Fresh faces join Mustang family: Amanda Fujii
We all come from different backgrounds.
Itâ€™s a somewhat hackneyed phrase, and itâ€™s the kind of thing you would see on a motivational poster. Yet, Specialized Academic Instructor (SAI) teacher Amanda Fujii comes from a background that she can call her own.
Before her tenure in Walnut High School, Fujii was an SAI teacher at Suzanne Middle School. As an SAI teacher, she worked with students who needed extra assistance than the standard in a classroom setting. In her new role as an SAI teacher in WHS, Fujii continues to work with SAI students by providing them with tailored help.
â€śI got my credential for elementary [teaching] years ago and I couldnâ€™t find a job, so I was subbing a lot and I ended up working with a bunch of SAI students. I really enjoyed it so I went back to school and got my [SAI] credential. [I enjoyed working with them because] theyâ€™re really hard working and try to better themselves,â€ť Fujii said.
Fujii discovered her interest in education during kindergarten and it has been in action ever since. However, after finding her first job as a teacher, the 2008 recession stifled her original plans.
â€śI [wanted] to be a teacher since I [saw] my kindergarten teacher and thatâ€™s something I really wanted to do my entire life, so I went to school for it. I thought I was going to be a kindergarten teacher, but I ended up liking the fourth and fifth graders more. And then the recession hits,â€ť Fujii said. â€śWhen I was doing my student teaching for the first time, some of [my co-workers] had been there for a long time, but there were some teachers who were just hired recently who either lost their job or were not rehired.â€ť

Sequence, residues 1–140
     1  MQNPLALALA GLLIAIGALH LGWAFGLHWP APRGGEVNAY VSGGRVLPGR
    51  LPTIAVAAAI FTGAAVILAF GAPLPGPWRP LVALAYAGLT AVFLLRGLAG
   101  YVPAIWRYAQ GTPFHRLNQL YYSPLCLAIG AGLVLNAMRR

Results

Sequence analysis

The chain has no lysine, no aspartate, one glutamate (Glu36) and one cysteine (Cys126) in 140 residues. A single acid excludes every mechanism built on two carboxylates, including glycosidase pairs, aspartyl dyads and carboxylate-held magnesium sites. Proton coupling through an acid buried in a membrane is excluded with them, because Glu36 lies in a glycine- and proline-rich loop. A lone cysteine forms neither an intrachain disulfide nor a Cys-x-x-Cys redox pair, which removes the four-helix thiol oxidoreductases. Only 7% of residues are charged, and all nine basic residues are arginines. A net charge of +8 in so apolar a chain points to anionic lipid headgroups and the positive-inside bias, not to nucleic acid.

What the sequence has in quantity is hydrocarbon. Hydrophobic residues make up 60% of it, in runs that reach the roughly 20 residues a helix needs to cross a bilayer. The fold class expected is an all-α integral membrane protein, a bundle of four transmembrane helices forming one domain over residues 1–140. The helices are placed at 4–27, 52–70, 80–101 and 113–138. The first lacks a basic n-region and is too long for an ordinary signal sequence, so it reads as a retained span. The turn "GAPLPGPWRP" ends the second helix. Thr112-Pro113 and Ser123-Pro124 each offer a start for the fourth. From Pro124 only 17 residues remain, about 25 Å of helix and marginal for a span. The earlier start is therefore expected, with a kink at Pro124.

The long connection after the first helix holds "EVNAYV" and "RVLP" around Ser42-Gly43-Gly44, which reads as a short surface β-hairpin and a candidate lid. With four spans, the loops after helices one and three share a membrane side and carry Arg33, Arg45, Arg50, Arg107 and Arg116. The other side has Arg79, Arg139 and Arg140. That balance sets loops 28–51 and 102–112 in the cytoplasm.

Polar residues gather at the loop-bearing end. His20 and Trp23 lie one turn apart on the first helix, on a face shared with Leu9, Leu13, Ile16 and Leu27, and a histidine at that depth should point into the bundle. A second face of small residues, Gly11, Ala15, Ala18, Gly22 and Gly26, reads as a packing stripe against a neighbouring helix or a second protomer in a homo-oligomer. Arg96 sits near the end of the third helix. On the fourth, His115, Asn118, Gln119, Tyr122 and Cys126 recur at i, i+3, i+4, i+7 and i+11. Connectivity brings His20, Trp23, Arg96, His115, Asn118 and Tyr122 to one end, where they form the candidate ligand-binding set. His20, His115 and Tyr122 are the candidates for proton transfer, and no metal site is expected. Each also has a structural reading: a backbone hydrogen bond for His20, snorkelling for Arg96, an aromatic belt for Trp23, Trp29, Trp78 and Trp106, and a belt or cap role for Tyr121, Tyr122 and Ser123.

After recovering from the recession, Fujii spent time abroad in South Korea as a kindergarten teacher. While studying the language, Fujii was able to make new experiences in the private school she was employed at and learn about the culture.
â€śWorking with students [who] didnâ€™t understand English at all is great for the climate that we have here with second language students especially in Southern California. It was a great experience practicing teaching styles and discipline and working on those strategies to help students understand a language they had no reference for,â€ť Fujii said. â€śIt also showed the dynamics of how people viewed different things, like the level of stress and what that was measured by or what you could and couldnâ€™t talk about.â€ť
At Walnut High School, Fujii still sees the value in supporting others and wishes to make that impact be known as an SAI teacher.
â€śI really like how everyone [in the district] is so supportive of each other. We rally around each other if we need [it],â€ť Fujii said. â€śItâ€™s important to have compassion for anyone and everyone. Weâ€™re all different in some way. None of us are cookie cutter molds [and] none of us are perfect. As a society, we need to show compassion to everyone regardless of any disability or difference that they may have.â€ť
By Ethan Park, Copy Editor-in-chief
Photo courtesy of Amanda Fujii